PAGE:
Here’s how Mueller described Taylor in an interview:
“[Frederick W. Taylor] came from a wealthier background. Some people work a blue-collar job, and they develop a kind of blue-collar sensibility. Not Frederick Taylor. He worked in the factories but he did not like his coworkers. He thought they were lazy. He thought they were dumb. He thought he was better than they were.”
Sounds like a cool dude, right?
Taylorism, or scientific management, quickly spread throughout the United States and became the blueprint for managing all kinds of work.
Taylorism is ostensibly about improving productivity to increase profits. And that is the result. But behind the result is a philosophical shift in how owners relate to workers. Mueller explains:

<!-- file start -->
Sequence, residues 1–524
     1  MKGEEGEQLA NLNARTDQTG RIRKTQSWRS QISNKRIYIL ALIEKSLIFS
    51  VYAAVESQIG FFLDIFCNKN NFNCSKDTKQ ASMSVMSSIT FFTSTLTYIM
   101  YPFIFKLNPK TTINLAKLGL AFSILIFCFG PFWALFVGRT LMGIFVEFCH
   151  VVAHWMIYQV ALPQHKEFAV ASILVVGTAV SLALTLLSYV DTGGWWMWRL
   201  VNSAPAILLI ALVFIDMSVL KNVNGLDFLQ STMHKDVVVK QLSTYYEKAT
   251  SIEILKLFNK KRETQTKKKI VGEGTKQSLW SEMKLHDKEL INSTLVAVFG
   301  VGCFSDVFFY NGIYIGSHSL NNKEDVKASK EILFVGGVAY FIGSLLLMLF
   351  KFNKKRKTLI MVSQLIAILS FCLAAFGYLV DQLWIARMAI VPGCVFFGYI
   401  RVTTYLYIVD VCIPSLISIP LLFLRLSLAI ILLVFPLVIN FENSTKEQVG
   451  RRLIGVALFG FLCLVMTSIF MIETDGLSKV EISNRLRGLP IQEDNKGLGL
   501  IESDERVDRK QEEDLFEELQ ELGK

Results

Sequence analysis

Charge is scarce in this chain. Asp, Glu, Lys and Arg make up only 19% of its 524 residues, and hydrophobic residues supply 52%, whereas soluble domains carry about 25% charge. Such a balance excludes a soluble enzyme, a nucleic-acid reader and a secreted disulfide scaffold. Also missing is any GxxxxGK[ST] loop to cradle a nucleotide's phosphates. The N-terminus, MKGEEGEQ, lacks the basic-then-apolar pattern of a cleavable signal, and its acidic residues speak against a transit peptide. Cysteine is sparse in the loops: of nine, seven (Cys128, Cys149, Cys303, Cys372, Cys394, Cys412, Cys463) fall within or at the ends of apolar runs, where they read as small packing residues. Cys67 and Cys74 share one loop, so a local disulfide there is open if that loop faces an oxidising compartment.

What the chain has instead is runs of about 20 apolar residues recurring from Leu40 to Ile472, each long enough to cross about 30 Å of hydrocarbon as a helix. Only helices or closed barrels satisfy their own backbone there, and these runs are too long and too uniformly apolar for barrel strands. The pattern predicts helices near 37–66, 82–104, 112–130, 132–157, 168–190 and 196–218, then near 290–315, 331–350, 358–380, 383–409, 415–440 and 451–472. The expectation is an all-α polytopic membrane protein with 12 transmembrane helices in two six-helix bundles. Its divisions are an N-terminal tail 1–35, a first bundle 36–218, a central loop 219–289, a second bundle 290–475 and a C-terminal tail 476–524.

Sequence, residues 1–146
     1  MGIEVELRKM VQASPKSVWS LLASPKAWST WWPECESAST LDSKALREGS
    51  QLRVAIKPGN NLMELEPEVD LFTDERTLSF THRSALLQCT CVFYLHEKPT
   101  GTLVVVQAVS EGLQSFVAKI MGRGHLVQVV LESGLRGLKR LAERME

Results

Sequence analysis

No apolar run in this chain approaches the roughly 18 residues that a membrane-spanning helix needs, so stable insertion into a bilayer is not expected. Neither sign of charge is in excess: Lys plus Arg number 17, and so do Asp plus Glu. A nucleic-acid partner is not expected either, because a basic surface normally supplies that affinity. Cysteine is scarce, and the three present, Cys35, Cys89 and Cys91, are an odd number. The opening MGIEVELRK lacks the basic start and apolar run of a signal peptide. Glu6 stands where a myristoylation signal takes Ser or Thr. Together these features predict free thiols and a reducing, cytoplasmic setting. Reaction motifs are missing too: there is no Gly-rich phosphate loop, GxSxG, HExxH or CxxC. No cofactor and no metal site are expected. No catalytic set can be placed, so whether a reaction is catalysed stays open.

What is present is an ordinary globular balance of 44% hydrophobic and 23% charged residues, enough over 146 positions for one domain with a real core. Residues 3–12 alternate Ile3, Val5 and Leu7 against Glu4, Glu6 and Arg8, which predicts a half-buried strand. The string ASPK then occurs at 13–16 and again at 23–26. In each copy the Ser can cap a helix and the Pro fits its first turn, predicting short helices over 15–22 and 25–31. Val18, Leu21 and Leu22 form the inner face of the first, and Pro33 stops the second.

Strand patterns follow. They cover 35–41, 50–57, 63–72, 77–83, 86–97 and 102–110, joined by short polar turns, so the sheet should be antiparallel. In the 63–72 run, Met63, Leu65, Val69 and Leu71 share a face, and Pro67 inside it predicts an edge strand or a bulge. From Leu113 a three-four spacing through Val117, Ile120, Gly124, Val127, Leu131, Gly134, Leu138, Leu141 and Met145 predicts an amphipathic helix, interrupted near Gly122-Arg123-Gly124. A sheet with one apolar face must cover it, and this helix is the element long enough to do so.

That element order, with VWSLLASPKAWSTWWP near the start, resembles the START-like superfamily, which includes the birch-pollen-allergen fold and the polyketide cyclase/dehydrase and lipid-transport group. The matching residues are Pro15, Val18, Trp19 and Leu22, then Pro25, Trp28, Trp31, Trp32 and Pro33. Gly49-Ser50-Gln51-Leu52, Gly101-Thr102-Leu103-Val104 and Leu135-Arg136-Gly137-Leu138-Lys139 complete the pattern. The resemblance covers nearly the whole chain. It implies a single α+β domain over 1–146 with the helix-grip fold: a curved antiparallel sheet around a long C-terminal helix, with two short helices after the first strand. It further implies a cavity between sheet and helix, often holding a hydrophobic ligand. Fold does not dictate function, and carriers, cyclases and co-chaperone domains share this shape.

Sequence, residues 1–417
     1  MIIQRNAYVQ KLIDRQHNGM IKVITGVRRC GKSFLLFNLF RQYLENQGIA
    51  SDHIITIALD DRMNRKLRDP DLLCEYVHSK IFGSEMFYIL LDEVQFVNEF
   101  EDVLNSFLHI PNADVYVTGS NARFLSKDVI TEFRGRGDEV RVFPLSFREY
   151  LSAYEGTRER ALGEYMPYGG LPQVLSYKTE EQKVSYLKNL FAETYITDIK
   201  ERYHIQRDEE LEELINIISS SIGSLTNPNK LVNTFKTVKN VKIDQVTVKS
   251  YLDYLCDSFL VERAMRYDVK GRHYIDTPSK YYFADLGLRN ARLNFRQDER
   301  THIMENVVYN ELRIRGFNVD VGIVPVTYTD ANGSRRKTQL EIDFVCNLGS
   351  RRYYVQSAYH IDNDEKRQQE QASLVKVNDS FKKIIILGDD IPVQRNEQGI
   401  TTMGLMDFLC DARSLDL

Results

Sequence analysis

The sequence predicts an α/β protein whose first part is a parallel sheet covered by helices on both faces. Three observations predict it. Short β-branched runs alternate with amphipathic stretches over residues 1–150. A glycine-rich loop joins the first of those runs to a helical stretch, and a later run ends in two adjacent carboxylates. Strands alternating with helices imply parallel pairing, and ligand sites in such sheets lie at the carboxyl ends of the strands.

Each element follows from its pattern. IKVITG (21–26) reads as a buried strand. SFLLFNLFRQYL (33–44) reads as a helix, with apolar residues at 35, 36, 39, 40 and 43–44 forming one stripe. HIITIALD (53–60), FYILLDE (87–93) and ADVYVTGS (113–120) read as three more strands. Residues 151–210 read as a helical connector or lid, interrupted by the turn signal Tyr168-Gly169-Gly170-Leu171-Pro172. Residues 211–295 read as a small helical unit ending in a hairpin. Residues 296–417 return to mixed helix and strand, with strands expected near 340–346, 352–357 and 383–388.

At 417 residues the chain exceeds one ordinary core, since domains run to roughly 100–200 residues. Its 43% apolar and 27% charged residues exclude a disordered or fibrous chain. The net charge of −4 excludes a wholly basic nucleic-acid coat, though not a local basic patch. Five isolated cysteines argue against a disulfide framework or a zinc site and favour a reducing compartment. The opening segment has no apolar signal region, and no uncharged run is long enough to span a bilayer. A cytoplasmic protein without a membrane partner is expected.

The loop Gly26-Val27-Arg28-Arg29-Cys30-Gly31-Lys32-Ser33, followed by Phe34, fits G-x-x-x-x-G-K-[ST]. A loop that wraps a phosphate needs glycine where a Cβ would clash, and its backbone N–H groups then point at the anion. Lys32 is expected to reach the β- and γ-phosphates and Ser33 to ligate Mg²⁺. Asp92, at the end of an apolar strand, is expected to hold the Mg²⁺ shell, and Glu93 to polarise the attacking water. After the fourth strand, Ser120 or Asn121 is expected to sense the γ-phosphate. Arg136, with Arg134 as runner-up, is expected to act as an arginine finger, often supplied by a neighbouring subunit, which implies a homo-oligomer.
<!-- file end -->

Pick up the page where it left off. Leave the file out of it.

“His major philosophical breakthrough was if workers know how things are made, and management doesn't, workers have the power. If management knows how things are made, and workers don't because maybe you said, ‘okay, worker, you're only going to do one tiny little task. We're just going to keep you focused on one thing at a time, and we're going to make sure you get faster and faster work harder and harder. And we're going to take care of how things are made. We're going to plan everything out,’ then, management has all the power.
We can see the progression of this change in the rise of outsourcing, the use of independent contractors, and, of course, the technology we use to do our jobs—whether self-employed or traditionally employed.